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Perception and knowledge of generics in Portugal

Patients in Portugal are misinformed about generics, according to researchers from the Bragança Polytechnic Institute [1].

Combating shortages and price increases in the US generics market

As a result of recent price increases and shortages, the US generics market has come under increasing scrutiny [1]. In a recent report by Wiske et al. authors from Brown, Duke and Harvard Universities discussed ways to increase the competitiveness of the US generics market that might address these problems [2].

Measures to increase generics use in Greece

Austerity has forced Greece to introduce a number of measures to reduce the amount it spends on healthcare. But how have measures aimed at increasing generics use in the country been perceived by stakeholders? This was a question Karampali and co-authors from the National School of Public Health, Athens, Greece tried to answer [1].

Consumer choice between generic and brand-name medicines in a small generics market

Background
Generics offer an opportunity to governments to contain pharmaceutical expenditures, as they are generally 10‒80% lower in price than the originator brand-name medicines. Belgium has a small generics market, which takes up 15% of the total pharmaceutical market (in packages sold).

Pharmacists’ attitudes towards domestic generics in Afghanistan

The aim of the study by Hassali et al. was to survey community pharmacists regarding their attitudes about the quality and price of locally manufactured medicines [1].

Paediatric use of low-cost generic programs in the US

Low-cost generic drug programs (LCGPs) in the US increase the affordability of prescription medication that can treat many common paediatric conditions. LCGPs are a loss-leader pricing strategy used by eight of the top 10 pharmacy chains, e.g. Walmart, Walgreens, RiteAid, providing generics at co-payments of US$4‒5 for 30-day supplies or US$10‒12 for 90-day supplies. By using these programmes, no information is submitted through an individual’s prescription medication insurance benefit; thus, medication use data can be missing from administrative claims data. This phenomenon has implications for safety surveillance, quality measurement of health plans, and for researchers utilizing these data.

Physicians’ and pharmacists’ perspectives on generics use

The review study of Toverud et al. shows that both physicians and pharmacists have acknowledged strategies for generics use as an attempt to curtail increasing drug expenditures [1]. However, in Northern Europe and in the US health professionals were confident about the generics available, whereas in countries with less mature healthcare systems there were concerns about the manufacturing sources of generics and the companies’ trustworthiness. A general marked variation was also found regarding control routines and bioequivalence requirements between countries with mature healthcare systems and those with developing ones.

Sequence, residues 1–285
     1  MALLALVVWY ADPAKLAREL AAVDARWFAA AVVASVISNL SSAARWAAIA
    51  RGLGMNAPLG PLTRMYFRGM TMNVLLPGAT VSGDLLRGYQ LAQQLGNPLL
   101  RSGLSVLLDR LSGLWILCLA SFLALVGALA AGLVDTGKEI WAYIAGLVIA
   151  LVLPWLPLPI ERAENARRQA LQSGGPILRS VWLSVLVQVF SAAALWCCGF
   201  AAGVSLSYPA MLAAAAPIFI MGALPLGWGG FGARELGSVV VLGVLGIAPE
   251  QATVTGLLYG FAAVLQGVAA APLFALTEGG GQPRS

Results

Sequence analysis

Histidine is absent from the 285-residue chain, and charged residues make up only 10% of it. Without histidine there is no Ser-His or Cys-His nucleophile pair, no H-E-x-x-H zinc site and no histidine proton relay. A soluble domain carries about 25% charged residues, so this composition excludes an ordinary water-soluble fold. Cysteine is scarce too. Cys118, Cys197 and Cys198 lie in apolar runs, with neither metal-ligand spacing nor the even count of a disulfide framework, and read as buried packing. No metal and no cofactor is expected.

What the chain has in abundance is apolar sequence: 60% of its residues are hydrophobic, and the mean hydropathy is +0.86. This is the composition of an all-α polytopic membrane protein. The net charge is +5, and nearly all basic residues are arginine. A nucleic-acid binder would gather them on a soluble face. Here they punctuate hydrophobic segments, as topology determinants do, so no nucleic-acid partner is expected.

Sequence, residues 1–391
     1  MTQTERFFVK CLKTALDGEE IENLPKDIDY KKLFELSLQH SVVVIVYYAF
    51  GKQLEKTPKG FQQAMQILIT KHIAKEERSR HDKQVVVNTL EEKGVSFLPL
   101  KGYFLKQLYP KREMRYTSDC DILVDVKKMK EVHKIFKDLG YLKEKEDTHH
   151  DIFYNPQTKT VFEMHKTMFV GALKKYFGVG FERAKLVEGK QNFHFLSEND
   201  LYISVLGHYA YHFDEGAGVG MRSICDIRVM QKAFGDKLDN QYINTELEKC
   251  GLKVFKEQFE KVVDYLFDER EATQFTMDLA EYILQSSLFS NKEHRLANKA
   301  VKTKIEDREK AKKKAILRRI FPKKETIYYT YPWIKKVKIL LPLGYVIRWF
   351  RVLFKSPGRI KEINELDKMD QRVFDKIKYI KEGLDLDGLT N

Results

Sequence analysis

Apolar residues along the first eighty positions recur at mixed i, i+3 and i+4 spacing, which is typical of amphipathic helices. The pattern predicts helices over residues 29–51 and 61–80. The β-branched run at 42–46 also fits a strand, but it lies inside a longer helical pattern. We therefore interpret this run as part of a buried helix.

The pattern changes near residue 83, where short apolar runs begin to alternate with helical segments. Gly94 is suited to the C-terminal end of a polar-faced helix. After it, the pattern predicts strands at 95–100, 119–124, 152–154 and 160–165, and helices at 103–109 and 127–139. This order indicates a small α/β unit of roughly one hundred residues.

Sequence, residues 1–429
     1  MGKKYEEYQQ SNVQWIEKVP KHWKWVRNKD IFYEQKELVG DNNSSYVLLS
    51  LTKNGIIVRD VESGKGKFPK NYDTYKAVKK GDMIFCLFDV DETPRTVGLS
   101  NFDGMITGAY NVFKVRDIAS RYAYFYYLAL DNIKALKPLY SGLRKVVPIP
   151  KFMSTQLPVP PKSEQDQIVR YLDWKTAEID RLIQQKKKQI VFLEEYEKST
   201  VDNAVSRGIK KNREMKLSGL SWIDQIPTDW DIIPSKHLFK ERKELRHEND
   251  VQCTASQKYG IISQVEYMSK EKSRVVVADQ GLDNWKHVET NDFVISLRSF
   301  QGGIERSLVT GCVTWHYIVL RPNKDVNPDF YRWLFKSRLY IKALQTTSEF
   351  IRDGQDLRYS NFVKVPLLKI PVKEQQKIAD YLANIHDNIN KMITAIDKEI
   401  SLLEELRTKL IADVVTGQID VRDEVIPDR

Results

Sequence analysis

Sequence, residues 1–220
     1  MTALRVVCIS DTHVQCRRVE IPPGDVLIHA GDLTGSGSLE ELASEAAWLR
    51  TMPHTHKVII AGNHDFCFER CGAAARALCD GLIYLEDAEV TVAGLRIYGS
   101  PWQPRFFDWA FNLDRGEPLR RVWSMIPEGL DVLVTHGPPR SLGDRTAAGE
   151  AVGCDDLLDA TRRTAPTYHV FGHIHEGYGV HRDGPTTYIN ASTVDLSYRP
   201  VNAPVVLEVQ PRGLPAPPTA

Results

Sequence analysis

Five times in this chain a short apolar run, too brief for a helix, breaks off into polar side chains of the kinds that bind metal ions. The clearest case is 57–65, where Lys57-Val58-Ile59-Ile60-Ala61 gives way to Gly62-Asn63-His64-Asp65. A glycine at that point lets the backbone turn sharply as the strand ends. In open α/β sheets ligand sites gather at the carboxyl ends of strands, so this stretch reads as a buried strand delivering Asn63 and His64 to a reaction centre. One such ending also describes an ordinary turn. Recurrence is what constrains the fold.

Use of generics in cardiovascular diseases

Researchers from Italy and the US carried out a meta-analysis with the aim of comparing the efficacy and adverse events, either serious or mild/moderate, of all generic versus brand-name cardiovascular medicines [1].

Doctors in the US should remember to prescribe generics

According to the findings of a literature review carried out by the American College of Physicians (ACP) the major obstacle to increased use of generics in the US is patient and provider perceptions.

Pharmaceutical pricing and reimbursement policies

A recurrent challenge in health policy is to ensure equitable access to safe and effective medicines. In recent years, access to medicines, in particular to high-cost medicines, has become a major challenge for payers in all countries including high-income economies. Factors that challenge the financial sustainability of publicly funded health and pharmaceutical systems include demographic and epidemiological developments, a tightening of public health budgets due to overall economic pressures, e.g. the global financial crisis, and the need of public payers to consider covering new medicines, some of which come with premium prices [1].

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